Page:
On March 29, a new business that ships live hagfish to Korea opened in Clallam Bay. Wild Ocean Fisheries US, Inc., expects to create 17 local jobs.
Richard Back, a Korean, is the company owner. Ten holding tanks for live eels are located in the cannery that stood empty for so many years by the bridge at the west end of Clallam Bay.
Company secretary Amanda Wood said, “We’re not a processor. We hold live slime eels.”
Hagfish are also known as “slime eels” from their profuse production of mucus as a defense against predators. Readers of modern fiction may recognize the slime eel as a nightmare, insinuating itself into the cavities of drowned horses or humans to feast, and sliming anyone who disturbs them, like a bad Ghostbusters bogey. In reality, the harmless hagfish serves an important purpose in deep-sea ocean ecology, quickly cleaning the flesh from sunken carcasses.
Properly cleaned and slow-barbecued to tenderness, the long, thin fish are used in Korea in traditional spicy dishes. The protein-rich albumin they exude is used as a substitute for egg-whites. Hagfish dishes are usually served with the Korean rice-based liquor known as Soju. Koreans are said to eat over 5 million pounds of hagfish every year, and the company has already shipped 10,000 pounds of the slippery cargo overseas. Anderson said the bigger eels are served in restaurants, and the smaller eels are sold for snacking from street vendor carts — like hot dogs.
The primitive hagfish has no jaws and is not related to other eels, which are bony fish with jaws. The wild Pacific ocean eels are caught by Kelly Anderson’s “Windwalker,” based out of Neah Bay.
Anderson said that Korea is the only market for hagfish. The 18 fishing boats on the West Coast, from southern California to the Pacific Northwest, are hoping to also sell to a developing Canadian market. Tough hagfish skins are used for what was called “yuppie leather” in the 1990s, a smooth, attractive leather with interesting striations, used for purses, shoes and dress ladies’ boots.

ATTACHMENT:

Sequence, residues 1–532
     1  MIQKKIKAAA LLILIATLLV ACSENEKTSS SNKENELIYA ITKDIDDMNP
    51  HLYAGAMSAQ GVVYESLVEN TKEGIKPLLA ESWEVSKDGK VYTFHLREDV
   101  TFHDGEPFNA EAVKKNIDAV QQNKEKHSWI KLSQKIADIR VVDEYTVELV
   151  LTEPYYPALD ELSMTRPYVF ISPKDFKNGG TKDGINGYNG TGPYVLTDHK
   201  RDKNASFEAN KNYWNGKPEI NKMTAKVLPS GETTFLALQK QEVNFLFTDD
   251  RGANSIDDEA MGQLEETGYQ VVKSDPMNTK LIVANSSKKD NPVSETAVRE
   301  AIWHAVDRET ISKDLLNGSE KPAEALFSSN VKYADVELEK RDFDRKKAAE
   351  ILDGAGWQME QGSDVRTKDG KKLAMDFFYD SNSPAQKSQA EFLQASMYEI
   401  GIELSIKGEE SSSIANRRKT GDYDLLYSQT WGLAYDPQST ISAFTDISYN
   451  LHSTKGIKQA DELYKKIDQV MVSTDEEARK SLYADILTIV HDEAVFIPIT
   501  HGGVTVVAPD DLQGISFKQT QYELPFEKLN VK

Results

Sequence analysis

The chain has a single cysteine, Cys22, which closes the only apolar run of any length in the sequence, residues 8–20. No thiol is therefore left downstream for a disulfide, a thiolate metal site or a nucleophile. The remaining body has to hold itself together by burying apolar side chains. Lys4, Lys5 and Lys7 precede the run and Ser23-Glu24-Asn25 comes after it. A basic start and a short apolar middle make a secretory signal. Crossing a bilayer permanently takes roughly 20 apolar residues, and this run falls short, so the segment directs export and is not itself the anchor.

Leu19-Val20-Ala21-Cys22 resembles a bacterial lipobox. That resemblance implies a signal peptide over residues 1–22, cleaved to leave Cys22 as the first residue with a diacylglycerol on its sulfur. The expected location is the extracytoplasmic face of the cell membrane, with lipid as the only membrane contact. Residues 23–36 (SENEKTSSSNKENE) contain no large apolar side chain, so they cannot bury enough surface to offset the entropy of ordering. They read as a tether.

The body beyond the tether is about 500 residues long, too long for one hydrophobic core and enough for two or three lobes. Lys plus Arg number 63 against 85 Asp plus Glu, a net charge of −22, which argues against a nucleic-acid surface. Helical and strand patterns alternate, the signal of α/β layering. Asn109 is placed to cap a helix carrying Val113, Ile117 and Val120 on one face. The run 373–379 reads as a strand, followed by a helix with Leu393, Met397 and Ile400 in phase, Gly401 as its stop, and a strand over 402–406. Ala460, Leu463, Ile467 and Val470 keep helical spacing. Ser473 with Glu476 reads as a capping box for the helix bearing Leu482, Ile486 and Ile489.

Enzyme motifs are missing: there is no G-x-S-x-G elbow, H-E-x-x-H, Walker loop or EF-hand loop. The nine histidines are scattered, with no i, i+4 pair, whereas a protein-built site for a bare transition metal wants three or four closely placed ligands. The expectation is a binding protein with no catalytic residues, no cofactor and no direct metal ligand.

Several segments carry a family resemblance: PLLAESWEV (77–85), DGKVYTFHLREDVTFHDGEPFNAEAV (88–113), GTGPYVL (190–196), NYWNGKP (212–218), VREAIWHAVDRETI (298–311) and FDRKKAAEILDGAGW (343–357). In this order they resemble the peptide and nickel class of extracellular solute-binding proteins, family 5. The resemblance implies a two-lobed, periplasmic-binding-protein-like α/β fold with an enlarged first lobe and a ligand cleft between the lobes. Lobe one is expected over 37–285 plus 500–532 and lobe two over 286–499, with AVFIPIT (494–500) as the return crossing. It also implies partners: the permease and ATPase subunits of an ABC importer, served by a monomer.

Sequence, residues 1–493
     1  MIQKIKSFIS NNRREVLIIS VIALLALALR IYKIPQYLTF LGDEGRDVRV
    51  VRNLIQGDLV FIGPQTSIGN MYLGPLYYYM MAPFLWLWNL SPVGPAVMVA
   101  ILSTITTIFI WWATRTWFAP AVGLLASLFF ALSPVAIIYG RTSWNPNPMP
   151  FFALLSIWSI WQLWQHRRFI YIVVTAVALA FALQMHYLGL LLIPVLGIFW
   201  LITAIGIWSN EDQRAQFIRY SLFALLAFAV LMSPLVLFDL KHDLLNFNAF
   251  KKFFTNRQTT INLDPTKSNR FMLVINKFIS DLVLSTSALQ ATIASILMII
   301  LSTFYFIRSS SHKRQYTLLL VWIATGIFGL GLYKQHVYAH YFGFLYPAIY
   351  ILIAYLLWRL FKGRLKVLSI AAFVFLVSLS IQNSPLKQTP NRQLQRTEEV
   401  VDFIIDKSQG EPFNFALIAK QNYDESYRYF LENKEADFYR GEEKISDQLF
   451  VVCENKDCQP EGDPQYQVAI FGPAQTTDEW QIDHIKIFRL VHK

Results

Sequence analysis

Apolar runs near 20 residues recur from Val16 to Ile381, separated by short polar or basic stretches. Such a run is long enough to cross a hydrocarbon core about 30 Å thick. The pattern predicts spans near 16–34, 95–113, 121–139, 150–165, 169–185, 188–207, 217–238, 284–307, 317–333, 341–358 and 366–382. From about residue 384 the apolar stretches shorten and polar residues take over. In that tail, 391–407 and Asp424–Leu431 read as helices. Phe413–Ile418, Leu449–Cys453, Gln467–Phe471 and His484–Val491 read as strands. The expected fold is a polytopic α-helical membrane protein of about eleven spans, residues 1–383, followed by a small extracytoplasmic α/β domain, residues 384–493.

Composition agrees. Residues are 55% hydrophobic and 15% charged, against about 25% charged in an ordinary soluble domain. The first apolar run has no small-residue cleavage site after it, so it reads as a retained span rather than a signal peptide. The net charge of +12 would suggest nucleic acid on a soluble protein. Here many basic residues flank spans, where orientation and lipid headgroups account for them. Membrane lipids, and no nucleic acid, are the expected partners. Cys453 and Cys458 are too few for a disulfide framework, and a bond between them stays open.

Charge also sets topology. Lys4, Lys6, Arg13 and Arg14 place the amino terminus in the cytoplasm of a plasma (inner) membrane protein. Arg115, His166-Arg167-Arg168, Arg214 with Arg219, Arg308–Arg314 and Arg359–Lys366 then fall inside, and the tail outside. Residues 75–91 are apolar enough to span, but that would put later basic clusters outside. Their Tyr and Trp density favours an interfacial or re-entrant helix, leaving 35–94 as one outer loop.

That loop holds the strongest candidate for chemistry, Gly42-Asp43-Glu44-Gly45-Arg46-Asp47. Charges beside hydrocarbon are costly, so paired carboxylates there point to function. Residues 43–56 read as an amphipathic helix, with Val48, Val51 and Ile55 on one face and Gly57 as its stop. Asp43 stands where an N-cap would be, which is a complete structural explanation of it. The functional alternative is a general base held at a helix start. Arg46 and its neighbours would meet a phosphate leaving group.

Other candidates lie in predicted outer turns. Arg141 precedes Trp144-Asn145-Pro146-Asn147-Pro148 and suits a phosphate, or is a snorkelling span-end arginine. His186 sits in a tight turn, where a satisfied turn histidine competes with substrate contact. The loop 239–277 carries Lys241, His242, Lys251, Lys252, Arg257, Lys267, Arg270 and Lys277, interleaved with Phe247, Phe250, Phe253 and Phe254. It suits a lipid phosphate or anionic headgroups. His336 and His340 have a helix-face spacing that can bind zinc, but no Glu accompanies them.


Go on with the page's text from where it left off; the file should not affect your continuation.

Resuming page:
The company is only using half of the cannery building, which is still under an energetic renovation. The parking lot and driveway have been bulldozed, firmed, and are in use.
Alternative industries on the West End
Since all resource industries need to look at a future as stewardships, with occasional down-time for stock recovery, a finished building might offer a good opportunity for the tourism for which the West End is so ideally suited. Alternate cash businesses could be based on available established situations. These could, with the tank building’s ready beach access, include bird-watching in an established Audubon area, and clear-sky accessibility for astronomers in a world where light pollution is more and more of a problem.
The latter could include presentations by NASA, whose outreach programs today even include the Emerald City Comicon (perhaps in with an invitation with Clallam Bay’s own growing local comicon, which also hopes to feature samples of barbecued hagfish in the Lion’s Club kitchen).
Another alternative market that could take advantage of a direct shipping market to Asia in refrigerated ships would be the sale of an available Asian vegetable growing in the area, knotweed, a relative of rhubarb and buckwheat. Originally brought in by Japanese as a garden vegetable, it went wild, and became noxious.
Picked from the woods by the existing picking population, the plant would be more prized by a Japanese market, first because it is a “mountain vegetable” – wild grown and medicinal – and second because it could be marketed as an exotic crop from a famously pristine area like the Olympic Peninsula. This crop would only need blanching, freezing and shipping to the Japanese market. When heavily cropped it cannot spread by its heavy root system. As a non-native plant, it has been in the past eradicated with poisons, which then leach into the groundwater, threatening human and animal health, especially fish stocks.
If there’s a cash market for slime eels – there’s a cash market for knotweed.